What is corporate social responsibility – and does it work?

Research output: Contribution to specialist publicationArticle


When you purchase a product, I imagine you hope that the product was made with attention to human rights: that production occurred without unfair wages, human trafficking, forced or child labour, discrimination, abuses, or safety hazards. Perhaps you also hope that the company producing the item is conscious of avoiding environmental and ecological damage. But in reality, many products are made in factories where conditions are far from humane or ethical. In many instances, we know very little about the way products are made.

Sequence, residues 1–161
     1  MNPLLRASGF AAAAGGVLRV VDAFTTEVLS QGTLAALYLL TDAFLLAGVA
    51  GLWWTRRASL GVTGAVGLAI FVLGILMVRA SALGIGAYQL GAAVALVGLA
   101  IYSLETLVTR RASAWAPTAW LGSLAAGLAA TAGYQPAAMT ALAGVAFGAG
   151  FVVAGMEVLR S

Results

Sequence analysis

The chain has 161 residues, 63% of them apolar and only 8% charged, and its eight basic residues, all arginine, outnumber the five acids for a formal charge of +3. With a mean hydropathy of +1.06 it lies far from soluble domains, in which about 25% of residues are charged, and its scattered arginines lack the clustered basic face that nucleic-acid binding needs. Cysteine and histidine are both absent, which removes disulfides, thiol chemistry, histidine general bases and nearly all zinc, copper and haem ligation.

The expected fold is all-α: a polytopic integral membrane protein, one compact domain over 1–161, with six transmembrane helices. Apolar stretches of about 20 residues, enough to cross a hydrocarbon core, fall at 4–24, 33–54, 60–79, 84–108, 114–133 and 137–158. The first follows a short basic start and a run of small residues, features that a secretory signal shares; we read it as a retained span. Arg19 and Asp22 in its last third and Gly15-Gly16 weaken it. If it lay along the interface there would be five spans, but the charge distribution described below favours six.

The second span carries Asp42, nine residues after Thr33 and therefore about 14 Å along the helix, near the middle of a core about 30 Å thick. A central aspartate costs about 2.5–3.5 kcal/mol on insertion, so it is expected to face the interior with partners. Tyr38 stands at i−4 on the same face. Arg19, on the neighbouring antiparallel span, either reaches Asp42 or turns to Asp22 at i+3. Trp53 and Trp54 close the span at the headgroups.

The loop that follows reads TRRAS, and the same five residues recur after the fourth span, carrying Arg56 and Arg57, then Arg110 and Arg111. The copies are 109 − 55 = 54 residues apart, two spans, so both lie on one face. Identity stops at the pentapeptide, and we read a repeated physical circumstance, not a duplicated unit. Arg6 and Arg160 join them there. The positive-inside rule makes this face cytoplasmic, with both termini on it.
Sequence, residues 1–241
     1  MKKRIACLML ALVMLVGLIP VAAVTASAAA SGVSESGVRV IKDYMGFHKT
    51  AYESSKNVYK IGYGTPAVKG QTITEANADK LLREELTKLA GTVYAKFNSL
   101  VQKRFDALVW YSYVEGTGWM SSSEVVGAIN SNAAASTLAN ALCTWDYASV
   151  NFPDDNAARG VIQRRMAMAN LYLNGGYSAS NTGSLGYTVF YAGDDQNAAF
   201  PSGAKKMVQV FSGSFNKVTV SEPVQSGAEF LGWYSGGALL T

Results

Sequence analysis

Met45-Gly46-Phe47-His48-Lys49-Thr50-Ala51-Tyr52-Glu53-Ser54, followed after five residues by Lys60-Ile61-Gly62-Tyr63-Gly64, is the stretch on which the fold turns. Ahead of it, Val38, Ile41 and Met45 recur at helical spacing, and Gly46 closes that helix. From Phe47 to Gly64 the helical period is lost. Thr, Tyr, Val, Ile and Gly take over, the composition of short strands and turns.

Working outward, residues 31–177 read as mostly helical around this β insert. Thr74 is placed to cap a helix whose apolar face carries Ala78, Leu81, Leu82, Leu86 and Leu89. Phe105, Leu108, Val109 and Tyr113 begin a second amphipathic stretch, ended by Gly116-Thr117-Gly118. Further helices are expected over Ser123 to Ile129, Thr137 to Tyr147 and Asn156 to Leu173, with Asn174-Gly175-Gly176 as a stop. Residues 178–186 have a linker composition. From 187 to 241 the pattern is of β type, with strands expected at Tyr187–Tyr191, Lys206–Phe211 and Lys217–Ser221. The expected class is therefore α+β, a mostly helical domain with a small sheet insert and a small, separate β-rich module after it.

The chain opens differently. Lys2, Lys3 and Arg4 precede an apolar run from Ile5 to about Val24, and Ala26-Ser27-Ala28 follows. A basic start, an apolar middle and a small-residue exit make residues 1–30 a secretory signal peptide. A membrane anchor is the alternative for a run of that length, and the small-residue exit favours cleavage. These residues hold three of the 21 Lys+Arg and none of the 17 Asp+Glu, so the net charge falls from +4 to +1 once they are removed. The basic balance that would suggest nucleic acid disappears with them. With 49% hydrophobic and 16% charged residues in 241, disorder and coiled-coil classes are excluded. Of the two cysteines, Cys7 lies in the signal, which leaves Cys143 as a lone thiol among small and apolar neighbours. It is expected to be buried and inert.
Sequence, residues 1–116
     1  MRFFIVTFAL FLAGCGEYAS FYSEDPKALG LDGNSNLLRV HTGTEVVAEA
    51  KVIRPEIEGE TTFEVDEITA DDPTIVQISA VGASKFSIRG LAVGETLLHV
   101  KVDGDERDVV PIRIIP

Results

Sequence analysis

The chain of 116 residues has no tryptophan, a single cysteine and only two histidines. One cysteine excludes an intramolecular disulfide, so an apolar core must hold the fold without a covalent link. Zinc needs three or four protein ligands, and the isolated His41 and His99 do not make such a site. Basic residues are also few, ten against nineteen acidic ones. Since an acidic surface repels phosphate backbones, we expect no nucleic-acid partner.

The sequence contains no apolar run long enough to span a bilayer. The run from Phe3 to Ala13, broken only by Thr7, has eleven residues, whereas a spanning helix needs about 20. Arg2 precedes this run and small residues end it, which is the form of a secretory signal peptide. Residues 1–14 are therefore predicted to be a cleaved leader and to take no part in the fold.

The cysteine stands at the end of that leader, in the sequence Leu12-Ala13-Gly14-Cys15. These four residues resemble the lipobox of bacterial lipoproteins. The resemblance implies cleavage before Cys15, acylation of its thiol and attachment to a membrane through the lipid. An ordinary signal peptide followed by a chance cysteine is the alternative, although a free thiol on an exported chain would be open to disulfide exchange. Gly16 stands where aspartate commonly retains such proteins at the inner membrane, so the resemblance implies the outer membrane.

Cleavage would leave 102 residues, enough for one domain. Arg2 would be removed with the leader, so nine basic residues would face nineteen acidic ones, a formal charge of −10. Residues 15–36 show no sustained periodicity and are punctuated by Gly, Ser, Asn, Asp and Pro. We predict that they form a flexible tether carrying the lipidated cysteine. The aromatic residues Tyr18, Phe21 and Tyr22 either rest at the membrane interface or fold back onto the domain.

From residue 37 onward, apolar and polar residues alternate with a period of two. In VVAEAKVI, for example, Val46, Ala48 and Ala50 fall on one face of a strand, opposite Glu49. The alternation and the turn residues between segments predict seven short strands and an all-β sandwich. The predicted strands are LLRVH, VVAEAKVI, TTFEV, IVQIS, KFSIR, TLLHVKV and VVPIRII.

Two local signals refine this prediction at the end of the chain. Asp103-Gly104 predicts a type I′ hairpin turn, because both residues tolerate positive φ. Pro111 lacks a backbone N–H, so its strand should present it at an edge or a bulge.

In some cases, this can lead to disaster. Take the 2013 Rana Plaza disaster in Bangladesh, which killed more than 1,100 workers who were engaged in productions of garments for big brands such as Inditex, Mango, Loblaw, Primark, and Walmart. Such a devastating incident reminds us that corporate social responsibility (CSR) can be a matter of life and death.
Original languageEnglish
Specialist publicationThe Conversation
PublisherThe Conversation UK
Publication statusPublished - 7 Aug 2018


  • Human rights
  • Corporate social responsibility (CSR)
  • Rana Plaza
  • Deepwater Horizon
  • BP oil spill
  • Business


Dive into the research topics of 'What is corporate social responsibility – and does it work?'. Together they form a unique fingerprint.

Cite this